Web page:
Ima Hogg

(7-10-1882 to 8-19-1975)

"Philanthropist Extraordinaire"

She was called a legend in her own time, and for her, it was quite true. Born in Texas to a wealthy family, she was not named in humor, but rather after the heroine of an epic poem written by a paternal uncle. Rumors still abound that she had a sister named "Ura", when in fact she was the second of four children and the only girl. Her brothers had the more traditional names of William, Michael and Thomas.

Ima grew up in the heat of Texan Politics. Her father, James was elected to county attorney, district attorney, attorney general, and lastly the governor of Texas. She was nine years old when her father was inaugerated as the Governor of Texas in 1891. Her mother was a frail woman, and Ima took a strong role in her father's life. She travelled much with him while he was in office and afterwards.

As an adult, Ima took her family's wealth and connections and put them to very good use. After the death of their father in 1906, the children were left with a large fortune from oil producing land in West Columbia, Texas. When her older brother died in 1930, a large part of his estate went to the University of Texas. However, it was stipulated in his will, that Ima and her brother Michael were to decide how the funds were to be used. Ima had a cause for mental health services and founded a program that would spread the funds throughout the state for mental health services via a variety of Universities. In 1940, the "Hogg Foundation for Mental Hygiene" was begun. She also founded the "Houston Child guidance Center", an institute that pioneered in chld psychiatry.

Ima also had an interest in music. She had a great deal to do with organizing the Houston Symphony and was President of the Symphony Society for several years. Someone once said that Ima Hogg has "an exceptional combination of gracious firmness, insistence on seeking perfection, and impatience with obstacles or excuses." She used that and her great influence to create the Orchestra and bring world-renowned conductors to Houston.

The only time she chose to run for public office, she was elected to a six year term on the Houston School Board in 1943. She said "I really don't think I'm suited for that kind of public service. It is too involved with extraneous influences." She preferred to serve the public through her choice of personal philanthropy.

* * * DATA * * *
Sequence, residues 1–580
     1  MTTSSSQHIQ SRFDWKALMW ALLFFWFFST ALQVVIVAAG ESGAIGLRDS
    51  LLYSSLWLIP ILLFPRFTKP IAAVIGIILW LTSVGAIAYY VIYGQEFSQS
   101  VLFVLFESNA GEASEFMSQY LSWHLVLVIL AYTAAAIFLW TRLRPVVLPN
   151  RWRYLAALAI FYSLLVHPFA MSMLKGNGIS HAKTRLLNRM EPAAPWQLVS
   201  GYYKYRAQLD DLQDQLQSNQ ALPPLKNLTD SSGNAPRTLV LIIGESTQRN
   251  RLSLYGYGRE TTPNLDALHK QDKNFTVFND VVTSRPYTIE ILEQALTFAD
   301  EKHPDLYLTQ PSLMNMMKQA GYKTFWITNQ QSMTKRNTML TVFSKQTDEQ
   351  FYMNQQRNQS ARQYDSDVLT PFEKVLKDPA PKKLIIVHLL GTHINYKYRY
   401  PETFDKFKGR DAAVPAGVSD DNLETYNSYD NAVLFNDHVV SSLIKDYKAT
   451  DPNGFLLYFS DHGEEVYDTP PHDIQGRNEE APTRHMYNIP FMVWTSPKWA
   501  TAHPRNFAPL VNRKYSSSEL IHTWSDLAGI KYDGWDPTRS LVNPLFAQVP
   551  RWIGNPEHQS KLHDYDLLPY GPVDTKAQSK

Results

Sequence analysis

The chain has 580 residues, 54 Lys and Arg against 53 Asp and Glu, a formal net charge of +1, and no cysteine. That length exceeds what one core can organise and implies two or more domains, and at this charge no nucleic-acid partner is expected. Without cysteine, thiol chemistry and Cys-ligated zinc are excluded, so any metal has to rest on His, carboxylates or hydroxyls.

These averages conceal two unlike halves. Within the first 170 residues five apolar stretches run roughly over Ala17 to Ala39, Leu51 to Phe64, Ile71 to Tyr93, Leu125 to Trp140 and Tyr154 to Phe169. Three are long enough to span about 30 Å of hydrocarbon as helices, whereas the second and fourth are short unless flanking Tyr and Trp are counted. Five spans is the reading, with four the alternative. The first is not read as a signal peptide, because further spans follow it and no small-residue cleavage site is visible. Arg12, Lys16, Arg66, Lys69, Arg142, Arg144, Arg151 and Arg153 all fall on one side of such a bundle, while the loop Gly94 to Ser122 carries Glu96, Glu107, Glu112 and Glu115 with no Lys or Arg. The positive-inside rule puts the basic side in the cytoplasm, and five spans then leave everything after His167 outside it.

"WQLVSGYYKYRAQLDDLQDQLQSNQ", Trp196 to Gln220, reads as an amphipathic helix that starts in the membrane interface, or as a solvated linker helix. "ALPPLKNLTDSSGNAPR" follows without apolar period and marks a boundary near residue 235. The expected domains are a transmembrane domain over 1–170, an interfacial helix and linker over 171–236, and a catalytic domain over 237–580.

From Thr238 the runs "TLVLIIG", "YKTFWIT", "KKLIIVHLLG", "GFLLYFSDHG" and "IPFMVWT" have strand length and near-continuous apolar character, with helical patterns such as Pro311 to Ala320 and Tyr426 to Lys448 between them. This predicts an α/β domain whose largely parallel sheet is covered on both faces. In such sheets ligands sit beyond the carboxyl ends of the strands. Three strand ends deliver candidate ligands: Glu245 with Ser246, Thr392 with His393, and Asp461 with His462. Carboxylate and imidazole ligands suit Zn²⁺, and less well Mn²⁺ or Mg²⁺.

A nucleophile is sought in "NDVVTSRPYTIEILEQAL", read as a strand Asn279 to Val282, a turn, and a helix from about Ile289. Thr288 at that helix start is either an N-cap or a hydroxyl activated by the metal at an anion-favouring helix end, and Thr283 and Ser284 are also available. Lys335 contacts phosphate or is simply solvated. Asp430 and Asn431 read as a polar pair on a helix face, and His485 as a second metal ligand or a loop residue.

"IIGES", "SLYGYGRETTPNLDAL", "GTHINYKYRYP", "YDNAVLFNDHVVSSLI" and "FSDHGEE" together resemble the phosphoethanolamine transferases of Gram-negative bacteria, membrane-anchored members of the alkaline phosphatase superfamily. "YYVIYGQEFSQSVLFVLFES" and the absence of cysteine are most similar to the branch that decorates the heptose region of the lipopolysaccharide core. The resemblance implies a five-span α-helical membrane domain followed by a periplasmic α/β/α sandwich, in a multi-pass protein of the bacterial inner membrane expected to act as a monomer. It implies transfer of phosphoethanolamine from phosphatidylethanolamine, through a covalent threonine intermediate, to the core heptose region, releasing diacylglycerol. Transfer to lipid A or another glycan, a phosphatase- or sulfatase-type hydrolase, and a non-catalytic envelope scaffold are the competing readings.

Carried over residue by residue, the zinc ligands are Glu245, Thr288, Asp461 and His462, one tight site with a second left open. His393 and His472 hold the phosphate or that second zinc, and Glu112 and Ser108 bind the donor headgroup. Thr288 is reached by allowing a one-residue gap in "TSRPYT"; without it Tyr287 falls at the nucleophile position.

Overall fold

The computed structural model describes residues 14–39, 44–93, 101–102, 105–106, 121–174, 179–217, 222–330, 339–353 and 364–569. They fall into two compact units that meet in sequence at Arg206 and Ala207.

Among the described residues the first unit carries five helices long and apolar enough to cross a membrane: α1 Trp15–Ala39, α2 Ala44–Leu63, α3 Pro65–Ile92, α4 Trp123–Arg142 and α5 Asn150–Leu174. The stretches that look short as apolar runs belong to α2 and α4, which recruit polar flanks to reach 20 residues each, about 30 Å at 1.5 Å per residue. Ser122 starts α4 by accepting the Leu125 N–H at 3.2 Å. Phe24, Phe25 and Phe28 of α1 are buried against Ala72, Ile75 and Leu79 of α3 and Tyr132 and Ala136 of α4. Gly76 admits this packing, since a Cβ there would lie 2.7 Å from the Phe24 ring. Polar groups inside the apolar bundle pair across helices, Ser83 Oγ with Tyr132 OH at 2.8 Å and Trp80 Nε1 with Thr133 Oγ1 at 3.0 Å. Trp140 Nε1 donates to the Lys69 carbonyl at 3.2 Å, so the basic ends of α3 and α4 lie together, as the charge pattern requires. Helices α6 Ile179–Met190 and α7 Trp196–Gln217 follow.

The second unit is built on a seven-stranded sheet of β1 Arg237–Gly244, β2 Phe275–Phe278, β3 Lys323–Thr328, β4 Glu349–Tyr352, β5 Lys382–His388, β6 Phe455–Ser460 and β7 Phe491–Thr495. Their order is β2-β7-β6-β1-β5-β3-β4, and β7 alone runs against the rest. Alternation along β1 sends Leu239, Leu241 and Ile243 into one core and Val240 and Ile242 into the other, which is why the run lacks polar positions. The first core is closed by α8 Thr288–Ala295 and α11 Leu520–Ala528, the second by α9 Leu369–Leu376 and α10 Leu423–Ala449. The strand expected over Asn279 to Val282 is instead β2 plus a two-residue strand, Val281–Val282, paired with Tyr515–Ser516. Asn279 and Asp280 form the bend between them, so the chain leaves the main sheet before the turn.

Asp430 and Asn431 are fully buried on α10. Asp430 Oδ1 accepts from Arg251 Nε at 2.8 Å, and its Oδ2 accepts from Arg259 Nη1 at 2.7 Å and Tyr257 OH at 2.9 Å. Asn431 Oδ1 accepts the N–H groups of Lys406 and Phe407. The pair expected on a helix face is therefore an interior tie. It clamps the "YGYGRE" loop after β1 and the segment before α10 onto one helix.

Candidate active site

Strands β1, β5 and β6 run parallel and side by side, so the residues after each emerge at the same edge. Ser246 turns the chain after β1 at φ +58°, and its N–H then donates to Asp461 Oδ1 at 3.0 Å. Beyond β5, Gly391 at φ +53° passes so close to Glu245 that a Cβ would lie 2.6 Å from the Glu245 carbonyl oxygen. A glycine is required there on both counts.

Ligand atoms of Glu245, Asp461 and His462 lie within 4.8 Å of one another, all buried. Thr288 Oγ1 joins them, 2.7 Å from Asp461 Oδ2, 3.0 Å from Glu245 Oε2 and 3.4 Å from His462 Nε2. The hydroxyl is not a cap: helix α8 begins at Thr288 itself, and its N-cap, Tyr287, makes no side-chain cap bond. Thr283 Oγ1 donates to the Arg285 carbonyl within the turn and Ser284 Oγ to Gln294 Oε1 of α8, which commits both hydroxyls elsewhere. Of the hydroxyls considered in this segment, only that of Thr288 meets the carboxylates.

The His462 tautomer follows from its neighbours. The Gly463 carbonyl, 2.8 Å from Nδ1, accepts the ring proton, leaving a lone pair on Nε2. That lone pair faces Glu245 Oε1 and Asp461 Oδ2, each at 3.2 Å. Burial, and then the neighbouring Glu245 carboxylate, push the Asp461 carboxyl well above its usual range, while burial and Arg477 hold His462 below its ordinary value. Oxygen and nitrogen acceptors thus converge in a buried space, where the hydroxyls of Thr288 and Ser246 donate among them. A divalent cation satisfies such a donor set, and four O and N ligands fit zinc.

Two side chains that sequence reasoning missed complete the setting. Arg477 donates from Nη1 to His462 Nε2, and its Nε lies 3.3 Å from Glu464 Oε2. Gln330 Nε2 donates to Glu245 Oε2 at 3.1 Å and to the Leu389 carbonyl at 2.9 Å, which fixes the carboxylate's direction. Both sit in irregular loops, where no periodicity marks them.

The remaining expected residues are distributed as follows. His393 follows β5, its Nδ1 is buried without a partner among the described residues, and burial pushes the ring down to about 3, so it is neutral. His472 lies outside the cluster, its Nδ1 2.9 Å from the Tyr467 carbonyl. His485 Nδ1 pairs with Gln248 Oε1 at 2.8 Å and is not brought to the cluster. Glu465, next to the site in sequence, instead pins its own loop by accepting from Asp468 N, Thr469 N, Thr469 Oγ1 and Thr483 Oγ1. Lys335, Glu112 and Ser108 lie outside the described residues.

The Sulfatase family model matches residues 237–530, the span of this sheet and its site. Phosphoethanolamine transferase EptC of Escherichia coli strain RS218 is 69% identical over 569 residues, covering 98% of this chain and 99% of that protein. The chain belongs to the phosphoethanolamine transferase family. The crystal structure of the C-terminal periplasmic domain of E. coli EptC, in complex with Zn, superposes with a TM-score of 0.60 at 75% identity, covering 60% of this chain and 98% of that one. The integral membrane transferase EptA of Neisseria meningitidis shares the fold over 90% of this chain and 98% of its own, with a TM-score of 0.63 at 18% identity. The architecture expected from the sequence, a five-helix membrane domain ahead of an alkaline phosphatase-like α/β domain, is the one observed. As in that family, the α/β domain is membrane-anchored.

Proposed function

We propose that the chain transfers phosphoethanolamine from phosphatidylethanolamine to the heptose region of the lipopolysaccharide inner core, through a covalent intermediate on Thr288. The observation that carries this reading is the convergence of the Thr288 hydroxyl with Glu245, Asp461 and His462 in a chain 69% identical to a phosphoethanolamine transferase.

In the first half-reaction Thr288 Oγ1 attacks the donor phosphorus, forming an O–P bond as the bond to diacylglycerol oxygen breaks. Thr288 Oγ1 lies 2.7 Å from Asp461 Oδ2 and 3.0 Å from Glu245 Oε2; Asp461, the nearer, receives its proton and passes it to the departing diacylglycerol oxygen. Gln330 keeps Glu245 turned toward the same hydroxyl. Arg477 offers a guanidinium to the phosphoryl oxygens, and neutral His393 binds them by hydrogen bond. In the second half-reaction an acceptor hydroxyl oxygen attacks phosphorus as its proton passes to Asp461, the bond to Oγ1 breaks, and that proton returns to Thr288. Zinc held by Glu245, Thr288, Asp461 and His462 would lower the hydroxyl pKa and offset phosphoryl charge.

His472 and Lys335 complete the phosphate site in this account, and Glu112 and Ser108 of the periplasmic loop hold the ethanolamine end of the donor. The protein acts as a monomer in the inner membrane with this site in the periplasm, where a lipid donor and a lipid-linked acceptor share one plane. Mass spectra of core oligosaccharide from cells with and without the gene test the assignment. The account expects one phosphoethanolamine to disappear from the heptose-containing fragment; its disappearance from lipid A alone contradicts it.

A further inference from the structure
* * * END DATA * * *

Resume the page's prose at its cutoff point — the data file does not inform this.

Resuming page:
Ima was also into Historic Preservation. She first restored her parents home in Quitman, and then proceeded on to bigger and better things, such as the Varner-Hogg Plantation and then historical buildings in Winedale. Her best effort can be seen at Bayou Bend in Houston (they also have a WWW site), where she lived for 39 years. She gave the home to Houston's Museum of Fine Art in 1966 filled with American Antiques and furniture, whose origins had been carefully researched. It was the first of its kind in the American Southwest, and has been left, as her other efforts, with an endowment to maintain the building and see that it stays open to the public.

Ima was appointed to advisory committees on the arts by President Eisenhower AND President Kennedy. Her main recognition, however, came from her home state of Texas, where, in 1948 she was the first woman president of the state's Philosophical Society. She was a perfectionist who enjoyed greatly what she had and shared it with others. At the age of 93, prior to leaving on a trip to London, she said she was "going to hear the greatest music in the world one last time." She died while there in August of that year from a heart attack.

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